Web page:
With Vampyr, Life is Strange studio Dontnod Entertainment tries its hand at a horror-themed action RPG. The game’s atmospheric trailers have turned heads, and it has been considered one of the most anticipated horror games of the year. Unfortunately for horror fans looking for a new high quality vampire experience, though, they’re better off returning to games like Legacy of Kain: Soul Reaver and Vampire: The Masquerade – Bloodlines.
While it has many problems, Vampyr‘s biggest sin is by far its poor technical performance. On Xbox One, we ran into a multitude of issues, including frequent freezing, stuttering, and slowdown. Many textures in the game take some time to appear, especially when examining objects in the environment or reading notes. Glitches aren’t uncommon either, like enemies getting trapped in walls and other parts of the environment.
To make matters worse, load times are way too long, and can become frustrating during particularly challenging boss fights where players will have to sit through a lengthy loading screen after each defeat. The game also likes to rip control from the player for sudden and unexpected loading while moving through the game world, and there is even some brief loading before starting conversations with NPCs.
However, it’s worth pointing out that these technical issues and frequent, lengthy load times may be unique to Vampyr on Xbox One. We didn’t have the opportunity to test other versions of the game, but reports online seem to suggest that it does run better on PC and PS4. If the technical problems are indeed improved on PC and PS4, then Vampyr is a little easier to recommend, but it has other issues that should be present in all versions of the game to keep in mind as well.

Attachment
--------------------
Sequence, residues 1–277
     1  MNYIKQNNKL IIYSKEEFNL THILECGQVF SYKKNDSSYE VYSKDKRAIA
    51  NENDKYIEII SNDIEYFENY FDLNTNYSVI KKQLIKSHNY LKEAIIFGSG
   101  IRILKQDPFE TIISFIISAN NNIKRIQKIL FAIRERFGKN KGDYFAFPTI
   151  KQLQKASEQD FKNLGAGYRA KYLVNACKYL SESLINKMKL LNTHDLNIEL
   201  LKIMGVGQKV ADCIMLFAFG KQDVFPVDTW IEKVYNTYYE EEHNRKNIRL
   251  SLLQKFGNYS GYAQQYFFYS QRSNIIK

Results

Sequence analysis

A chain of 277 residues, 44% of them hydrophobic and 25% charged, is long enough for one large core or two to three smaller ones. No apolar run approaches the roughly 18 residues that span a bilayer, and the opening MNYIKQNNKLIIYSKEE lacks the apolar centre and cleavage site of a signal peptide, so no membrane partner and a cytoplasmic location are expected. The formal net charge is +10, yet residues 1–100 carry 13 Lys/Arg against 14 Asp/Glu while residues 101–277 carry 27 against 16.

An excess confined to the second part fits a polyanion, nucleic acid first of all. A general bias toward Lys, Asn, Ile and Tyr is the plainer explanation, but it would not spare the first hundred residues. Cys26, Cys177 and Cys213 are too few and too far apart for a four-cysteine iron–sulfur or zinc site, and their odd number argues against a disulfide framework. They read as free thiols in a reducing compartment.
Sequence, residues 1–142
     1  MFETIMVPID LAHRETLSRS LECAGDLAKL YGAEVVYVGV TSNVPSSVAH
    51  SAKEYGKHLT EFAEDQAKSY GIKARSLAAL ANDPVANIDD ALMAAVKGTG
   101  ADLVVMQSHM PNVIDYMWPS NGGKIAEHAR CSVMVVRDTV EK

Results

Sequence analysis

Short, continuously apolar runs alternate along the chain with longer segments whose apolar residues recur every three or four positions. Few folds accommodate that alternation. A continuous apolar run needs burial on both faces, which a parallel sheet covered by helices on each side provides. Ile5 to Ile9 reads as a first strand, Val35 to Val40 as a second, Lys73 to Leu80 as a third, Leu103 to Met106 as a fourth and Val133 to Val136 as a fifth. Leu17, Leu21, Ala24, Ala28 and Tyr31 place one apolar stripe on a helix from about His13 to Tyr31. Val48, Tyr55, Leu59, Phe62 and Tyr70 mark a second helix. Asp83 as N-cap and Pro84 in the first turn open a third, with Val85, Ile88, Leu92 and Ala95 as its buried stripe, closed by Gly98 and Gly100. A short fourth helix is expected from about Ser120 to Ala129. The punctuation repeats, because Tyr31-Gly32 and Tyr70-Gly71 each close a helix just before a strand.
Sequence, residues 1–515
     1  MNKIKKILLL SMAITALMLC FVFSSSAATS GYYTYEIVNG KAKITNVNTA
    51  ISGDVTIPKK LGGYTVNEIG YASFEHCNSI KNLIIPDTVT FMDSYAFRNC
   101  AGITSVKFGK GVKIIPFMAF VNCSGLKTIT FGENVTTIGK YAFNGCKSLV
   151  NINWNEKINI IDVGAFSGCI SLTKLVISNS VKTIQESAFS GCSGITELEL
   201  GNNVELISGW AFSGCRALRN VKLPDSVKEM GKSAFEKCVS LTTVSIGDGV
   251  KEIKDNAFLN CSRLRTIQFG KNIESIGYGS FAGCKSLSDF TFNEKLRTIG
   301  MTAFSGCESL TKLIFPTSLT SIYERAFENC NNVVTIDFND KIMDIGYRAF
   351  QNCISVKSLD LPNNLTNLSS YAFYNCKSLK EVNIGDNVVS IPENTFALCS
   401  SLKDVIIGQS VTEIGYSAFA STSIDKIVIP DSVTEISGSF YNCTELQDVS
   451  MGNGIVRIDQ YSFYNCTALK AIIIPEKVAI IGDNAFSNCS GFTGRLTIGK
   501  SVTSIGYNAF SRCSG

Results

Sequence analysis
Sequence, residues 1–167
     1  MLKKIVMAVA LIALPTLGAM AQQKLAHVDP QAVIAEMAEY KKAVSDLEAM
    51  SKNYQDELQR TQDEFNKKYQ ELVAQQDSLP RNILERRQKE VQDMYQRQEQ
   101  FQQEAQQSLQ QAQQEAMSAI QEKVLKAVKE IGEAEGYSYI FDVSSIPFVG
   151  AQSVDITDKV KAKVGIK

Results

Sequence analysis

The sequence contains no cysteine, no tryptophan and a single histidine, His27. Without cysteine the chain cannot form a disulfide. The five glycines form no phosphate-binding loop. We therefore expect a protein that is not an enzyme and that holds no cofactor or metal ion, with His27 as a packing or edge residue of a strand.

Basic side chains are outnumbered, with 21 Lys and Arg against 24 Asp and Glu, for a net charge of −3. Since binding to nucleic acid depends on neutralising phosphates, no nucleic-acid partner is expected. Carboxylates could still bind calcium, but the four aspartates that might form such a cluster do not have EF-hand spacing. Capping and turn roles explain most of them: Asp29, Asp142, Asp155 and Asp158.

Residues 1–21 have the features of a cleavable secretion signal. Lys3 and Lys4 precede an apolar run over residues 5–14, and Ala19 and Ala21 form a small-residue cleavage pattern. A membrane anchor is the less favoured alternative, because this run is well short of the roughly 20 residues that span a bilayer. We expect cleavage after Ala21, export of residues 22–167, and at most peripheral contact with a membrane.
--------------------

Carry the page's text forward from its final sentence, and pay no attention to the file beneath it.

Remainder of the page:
Besides its many technical issues, Vampyr is also brought down by its dull, uninspired combat. Combat mainly consists of hitting enemies over the head with clubs or slicing them with machetes, draining them of blood when given the opportunity, and dashing around to avoid taking damage. The vampire abilities are very underwhelming, especially in the early hours of the game, to the point that most of them are far less useful than just using standard melee weapons or guns.
The combat in Vampyr is too easy when facing regular enemies one-on-one to ever be interesting, and when there are multiple enemies in an area, the combat is too difficult for the wrong reasons. These battles against multiple enemies at once are headache-inducing, as the camera likes to swing around frantically in an attempt to keep an eye on the action, and the lock-on feature tends to be unreliable. There were many instances where we had to push the right stick multiple times to get protagonist Dr. Jonathan Reid to focus on another enemy, breaking the flow of combat and leaving him open to cheap shots.